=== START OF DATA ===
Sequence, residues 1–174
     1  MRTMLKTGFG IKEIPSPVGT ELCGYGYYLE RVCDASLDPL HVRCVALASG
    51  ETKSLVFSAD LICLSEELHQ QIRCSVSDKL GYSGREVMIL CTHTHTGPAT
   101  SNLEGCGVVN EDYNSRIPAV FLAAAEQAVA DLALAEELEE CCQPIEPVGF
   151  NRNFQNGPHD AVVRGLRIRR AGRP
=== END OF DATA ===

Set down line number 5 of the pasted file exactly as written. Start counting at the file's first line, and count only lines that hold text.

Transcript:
   151  NRNFQNGPHD AVVRGLRIRR AGRP